Before Grenfell: An academic enquiry into the Grenfell Tower disaster

The following report is from Dr Shane Ewen, Co-Investigator on the Forged by Fire project, on his recent participation in a series of academic workshops to aid the public inquiry into the Grenfell Tower fire of 14 June, 2017. A video stream of the proceedings is available to watch here.

I recently gave a Zoom presentation on the history behind the Grenfell Tower fire, focusing on some forty years of deregulation of the building regulations. This talk and the accompanying images draws upon research for the AHRC Forged by Fire project and is part of a book I am writing about the politics and culture of fire safety during the twentieth century (in the eras of the regulatory and deregulatory state). The book draws upon extensive archival research in a variety of governmental and non-governmental archives, and traces the creation of a national fire safety regime in the twentieth century and its subsequent unraveling from the 1980s. It builds upon existing research and ideas I developed in a Policy Paper published with History & Policy in 2018 (‘Why red tape saves lives: the fire service, tombstone legislation and deregulating safety in Britain’) and also delivered in a public lecture at the Museum of the Order of St John in January 2020 as part of our project exhibition (which feels such a long time ago now!).

Above: Approved Document B, first published by the Conservative Government’s Department of Environment in 1985, concerns structural provisions affecting fire spread within a building, including the provision of means of escape. Image c/o British Library.

This recent series of seminars, hosted by the Bartlett School of Construction and Project Management in association with the School of History, Philosophy and Social Sciences, Bangor University, accompanied the inquiry by discussing the key financial, economic, management and social phenomena in urban housing that led to the disaster in an academic setting.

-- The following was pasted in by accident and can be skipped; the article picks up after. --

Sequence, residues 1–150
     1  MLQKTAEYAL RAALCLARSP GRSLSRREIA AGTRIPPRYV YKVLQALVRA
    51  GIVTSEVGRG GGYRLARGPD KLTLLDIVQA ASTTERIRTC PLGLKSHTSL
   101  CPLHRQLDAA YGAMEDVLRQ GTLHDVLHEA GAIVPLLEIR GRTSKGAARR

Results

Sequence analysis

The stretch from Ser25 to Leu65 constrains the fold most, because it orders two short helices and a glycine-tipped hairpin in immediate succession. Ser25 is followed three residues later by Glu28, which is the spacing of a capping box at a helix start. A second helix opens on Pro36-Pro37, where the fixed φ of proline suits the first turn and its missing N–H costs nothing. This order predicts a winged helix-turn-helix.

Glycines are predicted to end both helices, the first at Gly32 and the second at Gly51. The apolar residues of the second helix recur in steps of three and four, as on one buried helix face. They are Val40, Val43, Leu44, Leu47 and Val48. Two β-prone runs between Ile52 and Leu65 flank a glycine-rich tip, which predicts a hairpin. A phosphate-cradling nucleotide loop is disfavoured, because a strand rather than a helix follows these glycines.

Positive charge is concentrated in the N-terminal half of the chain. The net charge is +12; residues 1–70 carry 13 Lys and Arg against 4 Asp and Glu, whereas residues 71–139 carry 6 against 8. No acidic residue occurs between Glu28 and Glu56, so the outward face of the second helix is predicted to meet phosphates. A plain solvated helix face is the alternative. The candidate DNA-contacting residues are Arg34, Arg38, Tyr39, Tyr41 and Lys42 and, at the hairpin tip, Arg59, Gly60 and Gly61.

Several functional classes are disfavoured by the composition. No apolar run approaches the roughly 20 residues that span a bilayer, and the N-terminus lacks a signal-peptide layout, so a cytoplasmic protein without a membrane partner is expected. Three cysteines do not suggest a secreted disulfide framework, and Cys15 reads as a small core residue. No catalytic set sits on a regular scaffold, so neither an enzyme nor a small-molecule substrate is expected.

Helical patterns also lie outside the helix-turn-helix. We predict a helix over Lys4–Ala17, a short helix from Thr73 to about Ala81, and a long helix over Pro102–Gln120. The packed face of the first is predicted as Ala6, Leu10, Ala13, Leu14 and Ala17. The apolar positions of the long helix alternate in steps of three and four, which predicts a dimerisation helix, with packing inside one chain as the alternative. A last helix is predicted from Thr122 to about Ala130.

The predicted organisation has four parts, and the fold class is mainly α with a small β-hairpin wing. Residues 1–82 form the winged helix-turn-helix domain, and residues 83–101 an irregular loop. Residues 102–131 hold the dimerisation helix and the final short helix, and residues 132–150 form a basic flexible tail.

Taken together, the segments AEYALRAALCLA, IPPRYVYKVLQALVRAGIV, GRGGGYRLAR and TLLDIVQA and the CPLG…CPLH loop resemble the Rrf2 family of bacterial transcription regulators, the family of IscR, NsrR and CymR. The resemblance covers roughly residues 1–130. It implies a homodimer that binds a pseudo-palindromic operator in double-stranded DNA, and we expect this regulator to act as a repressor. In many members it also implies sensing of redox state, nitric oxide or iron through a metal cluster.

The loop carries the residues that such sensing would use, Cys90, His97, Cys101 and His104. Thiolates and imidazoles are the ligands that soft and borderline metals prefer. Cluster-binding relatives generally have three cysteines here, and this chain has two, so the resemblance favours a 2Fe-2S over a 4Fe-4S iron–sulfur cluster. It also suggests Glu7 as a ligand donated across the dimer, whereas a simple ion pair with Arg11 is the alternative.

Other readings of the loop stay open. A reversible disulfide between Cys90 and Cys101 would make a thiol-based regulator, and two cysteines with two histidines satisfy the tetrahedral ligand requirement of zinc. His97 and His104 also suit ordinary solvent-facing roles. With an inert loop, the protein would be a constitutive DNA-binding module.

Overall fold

The seminars examined the key aspects of the climate and context in which the disaster occurred in order to extrapolate the wider implications and lessons for how urban housing is funded, managed, and supports the social and working lives of urban inhabitants.

My own contribution was stimulated by the narrow terms of reference set for the inquiry and the brief historical context provided in the Phase One report, which was published a year ago, on 30 October 2019. 

My talk was part of Panel 2 on Friday 16 October 2020, which focused on building regulation and deregulation, and was co-chaired by Dr Judy Stephenson and Sam Stein, Q.C., who is representing the victims, bereaved and survivors from the local community during the Public Inquiry. Other contributors included Matt Wrack, the General Secretary of the Fire Brigades Union, and Peter Apps, deputy editor at Inside Housing, which has led from the front in its forensic investigations into the regulatory minefield of fire safety and building control.

Above: Firefighter ‘Cuts Do Kill’ campaign, taken from the journal of the Fire Brigades Union, April 1981, c/o Modern Records Centre, Warwick.

A video stream of the proceedings is available to watch here. My talk begins around the 40 minute mark in Panel 2, though I would recommend watching all the talks if you want to know more about the issues relating to the history of the building regulations and the state’s failure to deal with the lessons of the past. These talks would be of interest to academics working across urban and architectural history, disaster studies, fire engineering, sociology and human geography, as well as housing activists, fire safety professionals, and representatives from industry and government. 

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